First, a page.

The Fundraising Regulator should “name and shame” those charities which have not paid its levy, Sir Stuart Etherington, chief executive of NCVO, said today.
Etherington was speaking at the launch of the Fundraising Preference Service, a system which will allow donors to opt out of contact with charities.
The Fundraising Regulator is funded through a voluntary levy on all charities which have fundraising spend of more than £100,000. However collecting the levy has proved challenging, the regulator said today.
“The crucial issue is that the Fundraising Regulator is properly resourced,” Etherington said. “I know the board has determined that it will publish the names of those who have paid, but my instinct is they should publish the names of those who haven’t paid.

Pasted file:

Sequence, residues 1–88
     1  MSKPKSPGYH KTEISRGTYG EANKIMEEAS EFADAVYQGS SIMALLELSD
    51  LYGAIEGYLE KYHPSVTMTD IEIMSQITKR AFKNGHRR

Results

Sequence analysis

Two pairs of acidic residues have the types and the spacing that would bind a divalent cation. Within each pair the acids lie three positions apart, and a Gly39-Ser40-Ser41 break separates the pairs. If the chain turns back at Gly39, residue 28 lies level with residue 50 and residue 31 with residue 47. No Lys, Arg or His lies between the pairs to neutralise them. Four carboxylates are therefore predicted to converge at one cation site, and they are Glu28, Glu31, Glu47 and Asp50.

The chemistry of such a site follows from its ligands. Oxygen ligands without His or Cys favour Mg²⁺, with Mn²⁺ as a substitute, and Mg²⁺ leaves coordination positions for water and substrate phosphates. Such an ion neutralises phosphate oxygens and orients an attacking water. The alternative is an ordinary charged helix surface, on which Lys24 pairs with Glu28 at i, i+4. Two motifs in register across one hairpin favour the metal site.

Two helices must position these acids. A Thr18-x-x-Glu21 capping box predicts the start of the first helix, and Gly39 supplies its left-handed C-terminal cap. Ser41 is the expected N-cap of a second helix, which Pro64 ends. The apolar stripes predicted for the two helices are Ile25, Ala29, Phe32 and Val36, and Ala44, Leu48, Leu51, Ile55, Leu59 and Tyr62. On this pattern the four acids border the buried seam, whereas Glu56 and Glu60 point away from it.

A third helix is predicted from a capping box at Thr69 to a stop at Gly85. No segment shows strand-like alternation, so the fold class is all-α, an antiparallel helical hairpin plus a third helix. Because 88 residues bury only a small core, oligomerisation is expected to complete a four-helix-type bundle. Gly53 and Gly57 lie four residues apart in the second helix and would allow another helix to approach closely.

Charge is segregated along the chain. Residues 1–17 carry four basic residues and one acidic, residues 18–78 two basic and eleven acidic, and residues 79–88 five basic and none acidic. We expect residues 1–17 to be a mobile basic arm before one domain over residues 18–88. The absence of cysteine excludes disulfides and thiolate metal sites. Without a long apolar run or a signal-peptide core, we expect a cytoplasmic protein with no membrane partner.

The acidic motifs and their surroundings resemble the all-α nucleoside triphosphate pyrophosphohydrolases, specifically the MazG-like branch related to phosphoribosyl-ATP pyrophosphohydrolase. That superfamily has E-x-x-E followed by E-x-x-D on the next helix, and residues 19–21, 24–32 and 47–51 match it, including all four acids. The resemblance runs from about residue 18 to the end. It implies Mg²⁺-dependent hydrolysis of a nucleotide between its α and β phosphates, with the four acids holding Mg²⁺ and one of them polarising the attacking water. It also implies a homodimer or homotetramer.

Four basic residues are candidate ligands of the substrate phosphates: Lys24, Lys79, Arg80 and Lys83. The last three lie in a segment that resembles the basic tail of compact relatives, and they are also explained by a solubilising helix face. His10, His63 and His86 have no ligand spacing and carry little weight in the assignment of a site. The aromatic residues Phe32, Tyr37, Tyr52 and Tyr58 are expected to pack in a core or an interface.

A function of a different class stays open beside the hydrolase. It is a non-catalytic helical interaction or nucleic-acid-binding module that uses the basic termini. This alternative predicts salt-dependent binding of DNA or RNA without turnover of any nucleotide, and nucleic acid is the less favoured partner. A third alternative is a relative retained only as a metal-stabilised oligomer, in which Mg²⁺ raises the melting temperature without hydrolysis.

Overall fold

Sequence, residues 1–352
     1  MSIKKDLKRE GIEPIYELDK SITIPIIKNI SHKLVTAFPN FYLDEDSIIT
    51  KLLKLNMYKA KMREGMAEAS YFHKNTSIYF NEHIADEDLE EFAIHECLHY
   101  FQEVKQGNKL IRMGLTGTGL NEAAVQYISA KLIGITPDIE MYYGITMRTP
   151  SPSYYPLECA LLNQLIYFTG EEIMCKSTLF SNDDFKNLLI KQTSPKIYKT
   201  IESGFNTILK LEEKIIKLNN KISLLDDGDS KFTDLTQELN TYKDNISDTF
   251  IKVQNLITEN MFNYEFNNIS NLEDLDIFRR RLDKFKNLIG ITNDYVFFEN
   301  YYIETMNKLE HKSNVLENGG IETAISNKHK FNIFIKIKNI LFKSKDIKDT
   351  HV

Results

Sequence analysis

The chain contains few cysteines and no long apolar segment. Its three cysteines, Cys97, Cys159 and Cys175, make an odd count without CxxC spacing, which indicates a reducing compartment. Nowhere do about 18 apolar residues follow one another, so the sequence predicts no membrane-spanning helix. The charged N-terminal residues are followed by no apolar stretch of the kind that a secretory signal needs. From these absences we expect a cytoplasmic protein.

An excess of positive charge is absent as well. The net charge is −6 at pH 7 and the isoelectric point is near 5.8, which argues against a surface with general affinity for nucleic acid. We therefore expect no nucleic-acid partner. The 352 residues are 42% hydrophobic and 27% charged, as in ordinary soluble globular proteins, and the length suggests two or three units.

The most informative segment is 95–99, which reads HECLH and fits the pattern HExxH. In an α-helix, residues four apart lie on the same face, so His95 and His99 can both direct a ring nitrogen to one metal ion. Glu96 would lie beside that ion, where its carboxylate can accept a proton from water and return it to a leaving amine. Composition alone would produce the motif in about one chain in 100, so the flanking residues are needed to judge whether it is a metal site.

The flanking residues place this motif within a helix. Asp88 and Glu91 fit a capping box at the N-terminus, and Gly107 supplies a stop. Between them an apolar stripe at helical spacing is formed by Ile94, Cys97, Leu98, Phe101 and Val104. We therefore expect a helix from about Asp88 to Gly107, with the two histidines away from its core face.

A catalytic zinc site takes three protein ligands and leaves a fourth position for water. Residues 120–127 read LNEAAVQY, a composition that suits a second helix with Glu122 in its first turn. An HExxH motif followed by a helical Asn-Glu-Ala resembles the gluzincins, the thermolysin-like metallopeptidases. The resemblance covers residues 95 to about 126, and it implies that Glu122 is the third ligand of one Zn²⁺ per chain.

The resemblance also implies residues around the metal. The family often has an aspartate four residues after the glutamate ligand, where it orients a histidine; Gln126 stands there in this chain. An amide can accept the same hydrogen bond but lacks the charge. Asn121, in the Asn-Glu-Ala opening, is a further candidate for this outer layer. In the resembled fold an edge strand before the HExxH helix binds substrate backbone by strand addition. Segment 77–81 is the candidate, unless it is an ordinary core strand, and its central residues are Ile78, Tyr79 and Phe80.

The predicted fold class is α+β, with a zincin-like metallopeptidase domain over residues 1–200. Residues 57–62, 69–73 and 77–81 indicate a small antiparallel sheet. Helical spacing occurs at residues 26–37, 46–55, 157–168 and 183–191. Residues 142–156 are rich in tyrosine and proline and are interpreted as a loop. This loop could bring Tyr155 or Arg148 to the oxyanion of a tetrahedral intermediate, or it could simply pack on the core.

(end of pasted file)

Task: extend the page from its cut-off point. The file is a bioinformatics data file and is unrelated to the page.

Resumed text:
“Name and shame them, and let them explain why they don’t support the notion of self-regulation.”
Lord Grade, chair of the Fundraising Regulator, said there were two main categories of “refuseniks” – those who had refused to pay on principle, and those who had simply not engaged or responded at all.
The first round of the Fundraising Regulator’s levy is set to raise around £1.75m. This is more than £500,000 short of the regulator’s initial estimates, and more than £200,000 short of the £1.96m minimum budget it believes it needs to operate effectively.
Civil Society News was told last month that some 418 charities have outright refused to pay the levy. Another 219 have been wrongly invoiced by the regulator, because its levy was based on incorrect data. Another 155 are still in dispute with the regulator. Of these 68 will probably not pay, while 87 will probably pay a proportion.